Joint Chiefs of Staff Chairman Gen. Martin Dempsey on Tuesday apologized to the mother of a Navy SEAL killed in Ramadi, Iraq, for saying the city's fall last week to ISIS "is not symbolic in any way."

Dempsey issued the apology after Debbie Lee, whose son, Marc, died in Ramadi in 2006, released an open letter demanding an apology for "the families whose loved ones' blood was shed in Ramadi."

"I've read your letter, and I do apologize if I've added to your grief," Dempsey wrote. "Marc and so many others died fighting to provide a better future for Iraq. He and those with whom he served did all that their nation asked. They won their fight, and nothing will ever diminish their accomplishments nor the honor in which we hold their service." Dempsey wrote Lee in a personal note.

"We are in a different fight now, with a different enemy, and with a different relationship with the Government of Iraq. They must determine the path and pace of this fight. That's what I intended to convey."

Lee told Military.com on Tuesday that Dempsey followed up his personal note with a phone call.

"After I got off the phone with him I did think the apology was genuine," Lee said. She said Dempsey told her he was trying to explain in his Pentagon press briefing that Ramadi was not a city that the Islamic State in Iraq and Syria (ISIS) considered significant for its campaign.

For her part, Lee said she still does not agree with Dempsey's view that what is happening in Iraq today is a different war against a different enemy than the one American troops battled through 2011. She also continues to believe Ramadi is significant because it is the capital of Anbar, the largest province in Iraq.

"I told him I felt [the war] was winnable over there," Lee said. "I offered him my strategy – I won't say what I told him because I don't want our enemies to know it. But he said he completely agreed with my military strategy."

Lee posted her open letter to her blog on AmericasMightyWarrior's.org, an organization she founded to provide support to service members and their families. The letter was quickly picked up and reposted on various media sites.

Dempsey's apology, published on the website Newsmax, was confirmed by the Pentagon.

Ramadi, the capital of Anbar Province, fell to the Islamic State in Iraq and Syria (ISIS) fighters last week, though reports out of Baghdad on Tuesday say Iraqi government forces have retaken parts of the city. A Pentagon spokesman on Tuesday said Ramadi "remains highly contested."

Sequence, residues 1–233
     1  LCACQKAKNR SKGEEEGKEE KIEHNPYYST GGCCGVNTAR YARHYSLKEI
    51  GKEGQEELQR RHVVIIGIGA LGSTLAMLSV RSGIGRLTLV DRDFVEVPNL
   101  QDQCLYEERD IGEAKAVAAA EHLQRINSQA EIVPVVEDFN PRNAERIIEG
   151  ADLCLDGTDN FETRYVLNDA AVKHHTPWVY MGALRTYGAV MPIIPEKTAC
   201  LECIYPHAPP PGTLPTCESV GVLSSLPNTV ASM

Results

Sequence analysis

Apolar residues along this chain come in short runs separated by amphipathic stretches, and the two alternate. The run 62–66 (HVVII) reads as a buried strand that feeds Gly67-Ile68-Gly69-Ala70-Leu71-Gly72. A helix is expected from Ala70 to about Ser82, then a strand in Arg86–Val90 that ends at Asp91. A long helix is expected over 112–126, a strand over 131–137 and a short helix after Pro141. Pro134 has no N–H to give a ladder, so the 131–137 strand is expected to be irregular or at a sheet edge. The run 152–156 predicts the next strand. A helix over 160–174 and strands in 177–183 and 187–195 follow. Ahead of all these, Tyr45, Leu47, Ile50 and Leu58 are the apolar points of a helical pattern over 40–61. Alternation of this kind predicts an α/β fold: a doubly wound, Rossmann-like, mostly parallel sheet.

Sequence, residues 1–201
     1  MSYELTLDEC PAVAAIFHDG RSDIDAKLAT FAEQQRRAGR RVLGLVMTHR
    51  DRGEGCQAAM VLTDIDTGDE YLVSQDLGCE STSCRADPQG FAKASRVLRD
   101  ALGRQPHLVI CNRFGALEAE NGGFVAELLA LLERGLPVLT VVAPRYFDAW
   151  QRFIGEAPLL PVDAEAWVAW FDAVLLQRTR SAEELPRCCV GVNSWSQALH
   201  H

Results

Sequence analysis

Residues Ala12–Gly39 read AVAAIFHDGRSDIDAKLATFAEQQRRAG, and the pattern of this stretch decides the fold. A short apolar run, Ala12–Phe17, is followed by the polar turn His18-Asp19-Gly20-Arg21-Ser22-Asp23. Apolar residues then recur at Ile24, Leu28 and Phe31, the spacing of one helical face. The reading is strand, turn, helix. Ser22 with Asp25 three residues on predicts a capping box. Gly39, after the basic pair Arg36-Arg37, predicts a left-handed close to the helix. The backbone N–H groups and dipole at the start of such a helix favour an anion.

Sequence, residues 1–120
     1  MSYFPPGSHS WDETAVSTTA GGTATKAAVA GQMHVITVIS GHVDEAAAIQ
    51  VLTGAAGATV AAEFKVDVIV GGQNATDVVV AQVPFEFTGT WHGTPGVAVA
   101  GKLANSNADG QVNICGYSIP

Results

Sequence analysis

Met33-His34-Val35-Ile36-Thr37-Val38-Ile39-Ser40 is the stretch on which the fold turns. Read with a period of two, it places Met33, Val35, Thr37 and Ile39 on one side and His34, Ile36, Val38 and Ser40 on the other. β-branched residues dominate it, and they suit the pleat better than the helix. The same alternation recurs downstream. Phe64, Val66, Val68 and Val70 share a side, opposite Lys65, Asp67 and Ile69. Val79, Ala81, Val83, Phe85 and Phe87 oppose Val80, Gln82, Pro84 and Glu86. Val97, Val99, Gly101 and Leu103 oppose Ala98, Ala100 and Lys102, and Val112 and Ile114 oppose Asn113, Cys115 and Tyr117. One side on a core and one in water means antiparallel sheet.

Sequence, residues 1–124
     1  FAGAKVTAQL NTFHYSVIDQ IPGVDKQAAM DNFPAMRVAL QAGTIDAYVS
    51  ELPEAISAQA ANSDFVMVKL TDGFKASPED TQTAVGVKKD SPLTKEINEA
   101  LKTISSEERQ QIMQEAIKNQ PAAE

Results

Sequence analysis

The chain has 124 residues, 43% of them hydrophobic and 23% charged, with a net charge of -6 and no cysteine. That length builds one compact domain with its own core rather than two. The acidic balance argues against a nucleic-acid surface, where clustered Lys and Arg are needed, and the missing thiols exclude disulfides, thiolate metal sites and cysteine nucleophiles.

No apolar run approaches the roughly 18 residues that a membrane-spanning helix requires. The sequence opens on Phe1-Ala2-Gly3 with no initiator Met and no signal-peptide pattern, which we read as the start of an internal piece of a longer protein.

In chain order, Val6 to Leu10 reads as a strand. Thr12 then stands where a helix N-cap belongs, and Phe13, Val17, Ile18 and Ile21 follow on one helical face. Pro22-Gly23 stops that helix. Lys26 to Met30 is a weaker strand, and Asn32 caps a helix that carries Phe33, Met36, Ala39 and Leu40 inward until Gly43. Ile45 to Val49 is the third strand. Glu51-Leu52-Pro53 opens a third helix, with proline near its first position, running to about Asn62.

Last Thursday, as the city was falling to ISIS, Dempsey played down its capture, telling Pentagon reporters it was more important strategically to retake an ISIS-held oil field in order to cut off a source of its revenue.

"The city itself is not symbolic in any way," he said. "It's not been declared part of [ISIL's] 'caliphate' on one hand or central to the future of Iraq." Dempsey said he did not want to see Ramadi fall, and that it will have to be retaken.

Lee, in her open letter, said Ramadi matters to families of those who fell there "and is very symbolic to us."

"You need to apologize to our troops whose bodies were blown to pieces from IEDs and bullet holes leaving parts and pieces behind, Ramadi matters to them," she wrote. "You need to apologize to our troops who endured the extreme temperatures and battled the terrorists in some of the worst battlefields in Iraq, Ramadi matters to them. They carry vivid memories of the battles and the teammates whose future is gone, Ramadi matters to them."

Sen. John McCain, R-Arizona, also slammed Dempsey, saying the general's "unbelievable statement is an insult to all those brave Americans who served and sacrificed in Ramadi, and the families and loved ones who miss them so dearly."

McCain said 187 American service members died in the fight to secure Ramadi and another 1,150 were wounded.

During the press conference last week, Dempsey talked about Ramadi in the context of the Iraq government's campaign to retake northern areas where ISIS is operating and has held territory. Iraqi forces are moving through Diyala and into Tikrit and Beiji – site of a major oil field.

"The offensive north of Baghdad has been deliberate, measured, steady progress," Dempsey told reporters. The ISIS attack on Ramadi "is yet another indication that what the government of Iraq needs to do is connect these ink blots ... of their legitimate security forces, so that there isn't this constant back and forth."

Once the Iraqis again control Beiji they will have regained control of their entire oil infrastructure, in the north and south, Dempsey said in a Defense Department press report, "and deny ISIL the ability to generate revenue through oil."

But the Pentagon still does not view Ramadi as a strategic site.

"There's no change in Ramadi's status," Defense Department spokesman Col. Steve Warren said on Tuesday.

Last year, Lee publicly criticized President Obama for a lack of leadership and appearing to be surprised that ISIS had taken and was holding large areas of Iraq.

"It's disgusting. To me it's disgusting to watch," she told Fox News in an interview. "The President, seems to me, [surprise] is his reaction to everything ... Whether it's the VA scandal, the IRS scandal, whether it's Benghazi – everything takes this man by surprise. What's he doing in the White House?"

Lee also accused Obama of not supporting U.S. troops or their families and said she feels betrayed by him.

-- Bryant Jordan can be reached at bryant.jordan@military.com